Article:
"The first settlers in Hartwell were included in the Lockland School District," so says the editor of an early Hartwell newspaper called "The Olio" (1888). The editor continues: "In 1870 when the town had grown to about one dozen families measures were taken to secure better school facilities."
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The first school in Hartwell was built on a shady lot on North Crescent Avenue, now known as Kearney. The Hamilton County House Building Association donated the lot. The Springfield Township School Board gave half of the money necessary to build the new school; the citizens of Hartwell gave the other half. Mrs. Curran was the first teacher; she started with 25 pupils in a two-room facility. Two more teachers were hired in 1876, and in 1879, a third room was added to the building. Enrollment eventually increased to 114. In 1882, Professor J. Harry Lowe was the Principal. Yet another building was erected and occupied that same year. The Hartwell Village School District was organized in 1885. The teaching staff was now five in number, and Professor Trisler was the Principal. Pupils were graded by the same scale as those who were enrolled in Cincinnati schools.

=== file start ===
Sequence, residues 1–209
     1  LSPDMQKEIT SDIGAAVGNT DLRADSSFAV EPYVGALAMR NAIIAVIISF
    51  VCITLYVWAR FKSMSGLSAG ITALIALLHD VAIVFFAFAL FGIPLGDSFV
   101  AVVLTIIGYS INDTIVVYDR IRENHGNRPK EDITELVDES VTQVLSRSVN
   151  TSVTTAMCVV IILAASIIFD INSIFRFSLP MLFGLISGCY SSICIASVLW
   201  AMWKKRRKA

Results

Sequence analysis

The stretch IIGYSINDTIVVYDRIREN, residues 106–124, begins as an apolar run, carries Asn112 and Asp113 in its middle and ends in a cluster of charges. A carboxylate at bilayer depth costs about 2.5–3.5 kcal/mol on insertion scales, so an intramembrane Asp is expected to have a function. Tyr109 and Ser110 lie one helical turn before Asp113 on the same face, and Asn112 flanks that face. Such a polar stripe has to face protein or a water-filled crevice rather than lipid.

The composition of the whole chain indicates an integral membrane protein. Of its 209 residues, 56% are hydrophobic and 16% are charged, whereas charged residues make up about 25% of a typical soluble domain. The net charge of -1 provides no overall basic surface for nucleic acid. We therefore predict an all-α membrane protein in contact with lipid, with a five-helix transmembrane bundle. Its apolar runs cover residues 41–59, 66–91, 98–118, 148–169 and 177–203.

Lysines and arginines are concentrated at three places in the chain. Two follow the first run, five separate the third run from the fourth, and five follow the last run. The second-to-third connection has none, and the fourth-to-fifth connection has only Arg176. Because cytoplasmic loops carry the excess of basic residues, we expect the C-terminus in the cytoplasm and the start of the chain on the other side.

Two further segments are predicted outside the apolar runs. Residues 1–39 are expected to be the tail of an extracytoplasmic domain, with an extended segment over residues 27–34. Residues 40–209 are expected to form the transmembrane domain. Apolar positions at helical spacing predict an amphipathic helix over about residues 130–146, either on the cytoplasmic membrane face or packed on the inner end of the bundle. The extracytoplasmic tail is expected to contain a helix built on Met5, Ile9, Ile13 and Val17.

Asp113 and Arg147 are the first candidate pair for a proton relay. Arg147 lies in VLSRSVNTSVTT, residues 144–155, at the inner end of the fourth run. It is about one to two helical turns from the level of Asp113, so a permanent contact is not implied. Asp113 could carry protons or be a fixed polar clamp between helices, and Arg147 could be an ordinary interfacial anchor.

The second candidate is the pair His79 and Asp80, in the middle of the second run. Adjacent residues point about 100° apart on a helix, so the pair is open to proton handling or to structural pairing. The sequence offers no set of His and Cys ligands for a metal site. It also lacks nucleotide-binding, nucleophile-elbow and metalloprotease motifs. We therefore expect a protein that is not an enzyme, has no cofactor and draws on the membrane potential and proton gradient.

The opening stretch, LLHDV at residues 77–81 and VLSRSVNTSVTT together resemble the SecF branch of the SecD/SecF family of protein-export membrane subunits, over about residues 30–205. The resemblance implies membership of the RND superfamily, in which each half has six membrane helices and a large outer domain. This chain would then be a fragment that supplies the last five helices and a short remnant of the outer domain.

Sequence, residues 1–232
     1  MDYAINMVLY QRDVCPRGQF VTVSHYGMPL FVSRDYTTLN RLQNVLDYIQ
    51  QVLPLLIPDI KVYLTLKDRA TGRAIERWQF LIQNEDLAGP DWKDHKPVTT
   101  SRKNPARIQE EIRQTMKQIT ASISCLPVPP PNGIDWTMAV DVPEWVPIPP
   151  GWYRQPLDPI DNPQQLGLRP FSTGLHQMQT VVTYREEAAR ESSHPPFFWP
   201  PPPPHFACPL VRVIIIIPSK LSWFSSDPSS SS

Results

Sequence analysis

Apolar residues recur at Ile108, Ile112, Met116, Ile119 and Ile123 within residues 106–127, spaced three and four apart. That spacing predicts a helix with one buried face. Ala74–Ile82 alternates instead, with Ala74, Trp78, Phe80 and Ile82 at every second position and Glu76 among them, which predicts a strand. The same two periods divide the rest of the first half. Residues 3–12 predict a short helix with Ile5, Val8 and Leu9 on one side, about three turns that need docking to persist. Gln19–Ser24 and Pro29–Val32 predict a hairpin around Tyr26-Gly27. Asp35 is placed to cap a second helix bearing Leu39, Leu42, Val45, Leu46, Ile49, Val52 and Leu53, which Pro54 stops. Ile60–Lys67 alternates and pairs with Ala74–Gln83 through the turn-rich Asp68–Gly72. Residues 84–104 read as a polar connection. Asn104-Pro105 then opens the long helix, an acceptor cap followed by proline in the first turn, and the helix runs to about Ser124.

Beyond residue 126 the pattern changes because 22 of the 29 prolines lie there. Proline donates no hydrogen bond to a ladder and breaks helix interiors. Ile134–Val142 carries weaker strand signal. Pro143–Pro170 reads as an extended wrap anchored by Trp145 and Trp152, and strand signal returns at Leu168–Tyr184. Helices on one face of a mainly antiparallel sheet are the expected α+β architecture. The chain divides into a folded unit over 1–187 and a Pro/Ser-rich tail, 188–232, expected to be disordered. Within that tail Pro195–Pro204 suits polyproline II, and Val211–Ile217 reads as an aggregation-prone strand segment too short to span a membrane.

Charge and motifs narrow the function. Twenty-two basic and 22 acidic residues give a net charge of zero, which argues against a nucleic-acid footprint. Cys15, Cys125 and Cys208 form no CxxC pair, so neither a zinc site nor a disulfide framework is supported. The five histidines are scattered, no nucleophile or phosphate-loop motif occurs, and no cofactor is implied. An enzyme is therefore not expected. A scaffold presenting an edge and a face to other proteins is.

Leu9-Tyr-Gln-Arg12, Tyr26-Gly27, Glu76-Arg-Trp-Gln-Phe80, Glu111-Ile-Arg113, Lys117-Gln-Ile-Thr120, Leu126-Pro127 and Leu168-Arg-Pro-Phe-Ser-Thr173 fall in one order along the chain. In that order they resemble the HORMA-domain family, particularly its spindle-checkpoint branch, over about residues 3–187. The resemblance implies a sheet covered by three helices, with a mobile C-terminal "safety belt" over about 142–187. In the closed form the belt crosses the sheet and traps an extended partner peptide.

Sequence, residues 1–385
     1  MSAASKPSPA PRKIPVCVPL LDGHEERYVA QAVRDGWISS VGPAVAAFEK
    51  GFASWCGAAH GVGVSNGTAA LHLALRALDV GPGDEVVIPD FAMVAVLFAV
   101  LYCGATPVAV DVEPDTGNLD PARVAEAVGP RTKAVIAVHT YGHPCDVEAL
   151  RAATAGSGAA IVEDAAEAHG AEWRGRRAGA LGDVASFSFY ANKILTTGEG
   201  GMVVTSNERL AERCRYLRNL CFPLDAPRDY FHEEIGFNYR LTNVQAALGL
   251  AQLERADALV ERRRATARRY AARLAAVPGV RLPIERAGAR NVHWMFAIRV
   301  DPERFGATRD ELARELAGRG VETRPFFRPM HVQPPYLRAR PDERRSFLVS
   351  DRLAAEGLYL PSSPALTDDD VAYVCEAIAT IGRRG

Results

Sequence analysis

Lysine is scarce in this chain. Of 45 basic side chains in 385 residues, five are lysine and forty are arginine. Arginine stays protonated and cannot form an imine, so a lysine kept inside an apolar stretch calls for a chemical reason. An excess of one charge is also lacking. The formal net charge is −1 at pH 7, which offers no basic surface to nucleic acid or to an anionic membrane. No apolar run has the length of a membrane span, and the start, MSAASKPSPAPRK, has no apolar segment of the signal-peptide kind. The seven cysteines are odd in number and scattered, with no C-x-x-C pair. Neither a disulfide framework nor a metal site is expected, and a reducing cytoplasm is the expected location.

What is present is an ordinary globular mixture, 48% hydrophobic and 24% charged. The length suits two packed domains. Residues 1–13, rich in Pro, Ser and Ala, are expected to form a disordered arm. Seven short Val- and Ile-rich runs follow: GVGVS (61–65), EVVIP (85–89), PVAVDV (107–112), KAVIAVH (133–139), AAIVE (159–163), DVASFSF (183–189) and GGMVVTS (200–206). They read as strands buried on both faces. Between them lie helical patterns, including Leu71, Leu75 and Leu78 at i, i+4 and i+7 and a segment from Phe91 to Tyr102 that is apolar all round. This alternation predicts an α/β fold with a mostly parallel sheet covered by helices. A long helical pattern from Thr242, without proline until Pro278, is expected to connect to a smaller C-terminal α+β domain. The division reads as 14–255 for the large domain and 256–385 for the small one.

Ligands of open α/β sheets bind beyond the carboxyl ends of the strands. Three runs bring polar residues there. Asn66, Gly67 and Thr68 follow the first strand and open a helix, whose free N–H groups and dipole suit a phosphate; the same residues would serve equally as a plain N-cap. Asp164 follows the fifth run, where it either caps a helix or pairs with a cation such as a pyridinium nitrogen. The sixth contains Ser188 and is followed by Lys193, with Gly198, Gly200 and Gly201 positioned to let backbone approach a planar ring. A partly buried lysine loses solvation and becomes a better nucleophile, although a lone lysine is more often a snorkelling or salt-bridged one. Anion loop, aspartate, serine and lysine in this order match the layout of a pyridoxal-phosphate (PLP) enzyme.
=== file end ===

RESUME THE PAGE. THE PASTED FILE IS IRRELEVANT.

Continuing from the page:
In just three short years, the number of students increased from 120 to 300, so that a new, three-storied brick school was built on the corner of what is now Hartwell and Woodbine Avenues in the Spring of 1888. It boasted eight large school rooms, a hall that could seat 500, a double room basement for play rooms in bad weather, and a tower. The exterior was made of Zanesville brick and trimmed with white stone.
By the 1920's, it was considered outdated. The school at Woodbine and Hartwell was bought by a private owner and turned into apartments. In the summer of 1969, a tornado tore through the Valley, and the old school's tower collapsed inside the stairwell killing a young mother and her 2 sons.
The Hartwell School that stands today at Galbraith and Vine was built in 1925. It is considered to be an excellent example of the Georgian Colonial style. Until the late 1940s, it taught students in grades K-12. Now, grades K-8 attend there. Many of the graduates from the 1940s are still involved in the upkeep of the school and still have great school spirit. Their organization is known as the Hartwell Alumni Association.